Exactly 25 years ago, legendary Australian leg-spinner Shane Warne delivered the ‘Ball Of The Century’. Cricket has witnessed a number of exceptional and memorable bowling performances over the years, however, this delivery has registered itself as the probably the best the game has ever seen.
Twenty Five years after this magical delivery that later turned out to be a milestone in cricketing history, we look at the Ball Of The Century and what makes it so special.
Venue: Old Trafford, Manchester
Match: Day 2, First Test – 1993 Ashes series
After being dismissed for just 289 despite Mark Taylor’s century, England was going strong at 80/1 when Captain Allan Border turned to Warne.
A young Warne was about to bowl his first delivery of his first test series on English soil to Mike Gatting, who was considered by many as one of the best players of spin in International Cricket.
A 23-year-old Warne had just played 11 Test matches until then but had shown some promise particularly in his last test claiming 7 wickets for 52 runs against West Indies.
After a slow run-up, Warne delivered this leg-break which drifted way outside the leg stump due to Magnus effect.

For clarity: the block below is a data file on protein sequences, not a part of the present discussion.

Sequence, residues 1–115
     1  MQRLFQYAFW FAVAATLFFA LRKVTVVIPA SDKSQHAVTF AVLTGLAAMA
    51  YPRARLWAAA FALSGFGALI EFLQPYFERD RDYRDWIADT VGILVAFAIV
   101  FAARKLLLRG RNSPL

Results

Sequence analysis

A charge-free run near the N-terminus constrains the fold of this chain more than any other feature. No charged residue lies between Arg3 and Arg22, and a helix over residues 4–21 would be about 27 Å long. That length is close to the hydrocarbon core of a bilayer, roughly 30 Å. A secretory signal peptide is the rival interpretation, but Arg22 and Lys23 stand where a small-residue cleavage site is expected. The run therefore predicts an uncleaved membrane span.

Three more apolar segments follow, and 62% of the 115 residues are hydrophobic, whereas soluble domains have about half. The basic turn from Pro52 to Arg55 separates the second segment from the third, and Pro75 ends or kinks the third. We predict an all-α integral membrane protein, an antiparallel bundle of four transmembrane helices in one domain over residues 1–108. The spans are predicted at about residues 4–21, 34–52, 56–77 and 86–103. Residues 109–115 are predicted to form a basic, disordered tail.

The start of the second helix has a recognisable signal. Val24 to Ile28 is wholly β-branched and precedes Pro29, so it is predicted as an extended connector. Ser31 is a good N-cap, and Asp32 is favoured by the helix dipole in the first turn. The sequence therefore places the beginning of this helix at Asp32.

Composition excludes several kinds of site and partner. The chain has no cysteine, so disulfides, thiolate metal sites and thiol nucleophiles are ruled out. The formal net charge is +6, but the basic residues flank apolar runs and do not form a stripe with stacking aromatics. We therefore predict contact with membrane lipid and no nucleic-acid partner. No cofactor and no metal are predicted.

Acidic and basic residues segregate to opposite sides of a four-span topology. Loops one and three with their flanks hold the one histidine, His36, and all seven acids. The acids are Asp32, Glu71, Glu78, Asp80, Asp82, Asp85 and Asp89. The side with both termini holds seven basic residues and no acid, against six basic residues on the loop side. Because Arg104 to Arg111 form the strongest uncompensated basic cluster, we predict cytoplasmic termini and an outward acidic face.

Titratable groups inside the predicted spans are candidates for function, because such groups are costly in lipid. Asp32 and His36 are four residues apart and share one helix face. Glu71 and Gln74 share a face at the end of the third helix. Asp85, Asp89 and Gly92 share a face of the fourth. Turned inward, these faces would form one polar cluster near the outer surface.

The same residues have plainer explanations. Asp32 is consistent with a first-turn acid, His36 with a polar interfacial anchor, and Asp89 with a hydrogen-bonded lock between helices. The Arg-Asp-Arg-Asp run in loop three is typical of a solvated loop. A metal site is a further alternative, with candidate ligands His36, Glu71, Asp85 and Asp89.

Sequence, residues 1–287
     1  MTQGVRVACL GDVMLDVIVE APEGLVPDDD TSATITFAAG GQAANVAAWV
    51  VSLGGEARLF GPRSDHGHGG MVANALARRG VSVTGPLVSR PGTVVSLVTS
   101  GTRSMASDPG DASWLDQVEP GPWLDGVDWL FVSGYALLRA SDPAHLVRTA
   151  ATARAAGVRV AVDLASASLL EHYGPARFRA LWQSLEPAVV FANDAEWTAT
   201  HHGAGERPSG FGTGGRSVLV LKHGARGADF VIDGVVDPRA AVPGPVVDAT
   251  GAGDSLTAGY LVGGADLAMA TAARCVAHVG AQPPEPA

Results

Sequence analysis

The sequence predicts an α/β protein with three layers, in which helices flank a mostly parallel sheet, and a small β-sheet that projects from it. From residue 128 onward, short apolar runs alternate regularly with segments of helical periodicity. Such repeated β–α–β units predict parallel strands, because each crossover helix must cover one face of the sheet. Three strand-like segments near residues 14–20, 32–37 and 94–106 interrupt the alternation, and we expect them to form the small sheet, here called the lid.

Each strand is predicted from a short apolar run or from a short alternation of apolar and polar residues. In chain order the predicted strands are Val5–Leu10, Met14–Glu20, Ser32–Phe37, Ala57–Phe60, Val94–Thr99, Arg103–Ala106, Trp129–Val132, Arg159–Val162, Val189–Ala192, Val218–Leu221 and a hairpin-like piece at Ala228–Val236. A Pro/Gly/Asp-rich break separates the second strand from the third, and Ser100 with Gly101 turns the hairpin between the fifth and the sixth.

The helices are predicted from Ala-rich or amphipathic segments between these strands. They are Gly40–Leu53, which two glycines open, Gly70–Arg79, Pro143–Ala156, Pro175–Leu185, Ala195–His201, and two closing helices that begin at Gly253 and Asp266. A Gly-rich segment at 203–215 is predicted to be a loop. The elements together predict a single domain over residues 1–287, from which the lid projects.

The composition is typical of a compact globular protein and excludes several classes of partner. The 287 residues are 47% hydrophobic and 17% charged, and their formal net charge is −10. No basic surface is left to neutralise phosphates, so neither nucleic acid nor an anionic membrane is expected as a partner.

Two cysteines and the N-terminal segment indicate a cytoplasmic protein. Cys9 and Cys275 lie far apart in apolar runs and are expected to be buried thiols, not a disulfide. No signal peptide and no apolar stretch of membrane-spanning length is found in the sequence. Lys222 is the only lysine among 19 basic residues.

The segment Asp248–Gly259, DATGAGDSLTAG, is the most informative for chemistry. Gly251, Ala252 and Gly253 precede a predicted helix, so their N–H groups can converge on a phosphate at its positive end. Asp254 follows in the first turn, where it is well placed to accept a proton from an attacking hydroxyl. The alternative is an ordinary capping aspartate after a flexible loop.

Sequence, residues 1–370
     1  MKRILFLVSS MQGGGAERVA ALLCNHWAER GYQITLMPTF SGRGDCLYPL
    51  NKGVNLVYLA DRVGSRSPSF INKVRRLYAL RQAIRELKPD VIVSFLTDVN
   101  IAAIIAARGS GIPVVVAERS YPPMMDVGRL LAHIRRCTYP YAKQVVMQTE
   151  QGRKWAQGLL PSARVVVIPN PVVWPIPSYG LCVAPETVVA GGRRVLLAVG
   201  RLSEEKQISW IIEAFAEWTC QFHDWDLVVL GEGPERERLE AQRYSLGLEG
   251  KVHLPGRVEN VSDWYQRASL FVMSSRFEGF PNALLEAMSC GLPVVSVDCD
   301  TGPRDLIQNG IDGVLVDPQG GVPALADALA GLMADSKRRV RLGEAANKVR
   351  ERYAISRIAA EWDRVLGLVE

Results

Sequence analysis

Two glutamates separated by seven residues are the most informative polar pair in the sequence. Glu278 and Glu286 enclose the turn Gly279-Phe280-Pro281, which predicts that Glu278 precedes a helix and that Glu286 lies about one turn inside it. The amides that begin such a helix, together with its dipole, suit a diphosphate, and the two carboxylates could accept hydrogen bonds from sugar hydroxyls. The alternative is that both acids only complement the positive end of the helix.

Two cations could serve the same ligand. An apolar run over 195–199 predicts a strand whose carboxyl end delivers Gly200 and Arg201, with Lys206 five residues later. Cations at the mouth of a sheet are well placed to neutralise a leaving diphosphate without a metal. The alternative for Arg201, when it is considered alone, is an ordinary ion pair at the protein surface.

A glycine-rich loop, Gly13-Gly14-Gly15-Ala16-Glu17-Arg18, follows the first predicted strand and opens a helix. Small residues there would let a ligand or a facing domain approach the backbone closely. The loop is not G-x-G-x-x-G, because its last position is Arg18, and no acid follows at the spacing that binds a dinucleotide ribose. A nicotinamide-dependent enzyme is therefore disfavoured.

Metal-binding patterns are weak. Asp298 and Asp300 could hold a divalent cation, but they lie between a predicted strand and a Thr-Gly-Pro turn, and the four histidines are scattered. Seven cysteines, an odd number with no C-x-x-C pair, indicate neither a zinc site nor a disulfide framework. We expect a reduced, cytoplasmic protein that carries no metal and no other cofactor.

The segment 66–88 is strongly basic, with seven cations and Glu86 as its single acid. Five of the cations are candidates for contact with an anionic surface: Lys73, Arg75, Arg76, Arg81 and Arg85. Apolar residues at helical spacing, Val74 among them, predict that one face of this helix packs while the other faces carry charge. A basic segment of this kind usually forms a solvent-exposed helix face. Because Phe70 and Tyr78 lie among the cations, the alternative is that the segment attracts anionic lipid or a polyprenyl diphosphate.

Magnus effect is a scientific phenomena where spinning objects drag air faster around one side, creating a difference in pressure that moves it in the direction of the lower-pressure side. You can experience the Magnus effect in this video
Gatting did nothing wrong to play this delivery trying that the ball hits the pad or the bat.
This was a standard defence tactic against leg spinner for deliveries pitching outside leg as the batsman cannot be given out LBW, and if the ball spins a bit more, it would hit the bat and land safely.
Gatting stared at the pitch for several seconds in disbelief before walking towards the pavilion. Nobody had witnessed the cricket ball turning so much ever before.
Here’s the video of this magical delivery:
Gatting’s wicket triggered a batting collapse with England scoring just 210 runs. Warne scalped 4 victims each in both the innings of the match.
It is told that Warne’s magical delivery and his other scalps in the match set the tone of the series where England was thrashed 4-1.
Australia went to dominate the World cricket crushing every formidable opposition in the process for the next two decades and Warne retired in Tests 13 years later as one of the most prolific bowlers to have ever taken the field with 704 wickets.
After two decades of domination by the fast bowlers of West Indies and Australia, leg spin was considered as a dying art in the demanding modern day game.
This delivery made the cricketing fraternity realize the power of leg spin leading to resurgence of popularity in leg spin.
Shane Warne described this ball as a fluke in a recent video tweeted by the ICC handle recently.
Here’s the video:
— ICC (@ICC) September 13, 2017
Robin Marlar an English cricketer in the Sunday Times probably was the first person to describe this delivery as the ‘Ball Of the Century’.
The 1993 Ashes did wonders for Australia, labeling it as as a force to be reckoned with. It not only boosted Shane Warne’s career but also revolutionised spin bowling. His epic throw was aptly named the ball of the century and will be talked about for many more centuries to come.